Maps in the News: United States Crude Oil Pipelines
The Ball State University Libraries’ GIS Research and Map Collection (GRMC) has a collection of maps detailing the history of oil and natural gas pipelines in the United States. Most of the maps were published by the U.S. Geological Survey.
The earliest maps showing natural gas pipelines in the collection were produced by The Oil and Gas Journal in Tulsa, Oklahoma in 1947. The top map (above, click to enlarge) shows the routes from Indiana to the clustered area near the Gulf of Mexico and was published by The Oil and Gas Journal in 1953. The red triangles depict the locations of refineries. Gray and black lines show crude oil lines, and red dots show the locations of product lines.
The second map above was published by the U.S. Geological Survey in 1976 and is part of a set of 19 maps displaying the national energy transportation systems and flows. This set of maps was commissioned by the Committees on Commerce and Interior and Insular Affairs of the U.S. Senate as part of a study of U.S. energy transportation. The green lines are the locations of crude oil pipelines. Brown depicts natural gas pipelines, and black lines are petroleum products. The red lines depict coal slurry transportation. The dashed black lines as seen in Indiana indicate pipelines that are proposed or under construction.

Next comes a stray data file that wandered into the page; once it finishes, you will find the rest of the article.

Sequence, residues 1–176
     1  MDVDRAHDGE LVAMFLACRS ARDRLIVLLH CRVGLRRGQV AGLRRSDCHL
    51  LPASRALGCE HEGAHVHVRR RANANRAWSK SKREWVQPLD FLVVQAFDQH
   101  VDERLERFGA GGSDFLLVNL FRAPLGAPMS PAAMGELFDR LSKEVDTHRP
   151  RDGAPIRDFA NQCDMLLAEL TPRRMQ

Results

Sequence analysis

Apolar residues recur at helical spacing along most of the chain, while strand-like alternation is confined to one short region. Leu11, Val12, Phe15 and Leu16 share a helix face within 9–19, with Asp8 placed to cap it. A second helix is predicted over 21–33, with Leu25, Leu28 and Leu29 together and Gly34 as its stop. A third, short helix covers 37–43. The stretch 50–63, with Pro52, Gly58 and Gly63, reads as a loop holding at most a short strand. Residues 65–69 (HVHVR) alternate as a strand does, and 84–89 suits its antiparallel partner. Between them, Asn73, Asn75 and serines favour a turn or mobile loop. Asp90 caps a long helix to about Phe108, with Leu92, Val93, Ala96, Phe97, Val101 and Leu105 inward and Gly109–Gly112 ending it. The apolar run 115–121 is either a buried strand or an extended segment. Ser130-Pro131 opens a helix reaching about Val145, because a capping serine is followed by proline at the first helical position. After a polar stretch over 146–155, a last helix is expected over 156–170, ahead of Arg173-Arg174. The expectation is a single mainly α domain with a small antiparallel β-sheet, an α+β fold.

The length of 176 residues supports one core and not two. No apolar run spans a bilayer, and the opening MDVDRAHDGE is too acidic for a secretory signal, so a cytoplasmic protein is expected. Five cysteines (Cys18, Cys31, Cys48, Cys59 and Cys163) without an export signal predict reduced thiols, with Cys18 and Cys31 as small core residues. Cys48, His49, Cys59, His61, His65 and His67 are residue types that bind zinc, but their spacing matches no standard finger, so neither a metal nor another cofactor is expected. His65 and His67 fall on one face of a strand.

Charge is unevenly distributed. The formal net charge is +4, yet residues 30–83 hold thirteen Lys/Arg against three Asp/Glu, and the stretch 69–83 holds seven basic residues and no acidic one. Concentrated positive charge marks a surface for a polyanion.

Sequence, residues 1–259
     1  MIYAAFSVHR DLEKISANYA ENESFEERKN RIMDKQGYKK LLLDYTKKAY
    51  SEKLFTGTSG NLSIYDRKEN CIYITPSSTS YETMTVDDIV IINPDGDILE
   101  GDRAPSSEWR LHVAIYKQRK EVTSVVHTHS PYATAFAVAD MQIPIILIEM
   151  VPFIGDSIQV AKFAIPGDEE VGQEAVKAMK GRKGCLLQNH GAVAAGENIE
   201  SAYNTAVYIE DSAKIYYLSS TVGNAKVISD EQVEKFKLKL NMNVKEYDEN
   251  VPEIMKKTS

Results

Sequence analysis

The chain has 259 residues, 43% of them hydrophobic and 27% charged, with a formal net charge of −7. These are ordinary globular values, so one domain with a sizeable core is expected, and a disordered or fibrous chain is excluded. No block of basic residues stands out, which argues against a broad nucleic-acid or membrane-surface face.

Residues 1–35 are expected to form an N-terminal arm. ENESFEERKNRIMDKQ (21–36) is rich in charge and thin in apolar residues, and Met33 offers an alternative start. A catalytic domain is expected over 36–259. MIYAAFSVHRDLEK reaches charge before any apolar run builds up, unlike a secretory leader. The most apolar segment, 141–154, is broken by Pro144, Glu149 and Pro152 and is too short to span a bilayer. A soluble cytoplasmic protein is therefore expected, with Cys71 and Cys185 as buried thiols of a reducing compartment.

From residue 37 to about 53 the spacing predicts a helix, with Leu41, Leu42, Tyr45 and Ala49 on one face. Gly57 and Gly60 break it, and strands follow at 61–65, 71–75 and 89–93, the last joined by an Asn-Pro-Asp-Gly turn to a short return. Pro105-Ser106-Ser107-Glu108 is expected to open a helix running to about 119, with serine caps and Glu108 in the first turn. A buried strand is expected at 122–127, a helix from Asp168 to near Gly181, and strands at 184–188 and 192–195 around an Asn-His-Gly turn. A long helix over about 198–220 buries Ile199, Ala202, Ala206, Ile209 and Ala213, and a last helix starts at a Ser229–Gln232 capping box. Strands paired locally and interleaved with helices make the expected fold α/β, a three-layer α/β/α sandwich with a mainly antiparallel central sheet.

The last map and legend shows crude petroleum movement by all modes in 1974 published by the U.S. Geological Survey. Green shows flow by pipeline, and blue shows flow by water.
Researchers may also be interested in a set of geological maps available in the Libraries’ Digital Media Repository. The Indiana Natural Resources Maps collection includes maps of natural gas, coal, and petroleum deposits and the locations of stone quarries, pipelines, and wells dating from the 1880’s to the early 1900’s.
For more information about any of the maps, please contact the GRMC at 765-285-1097.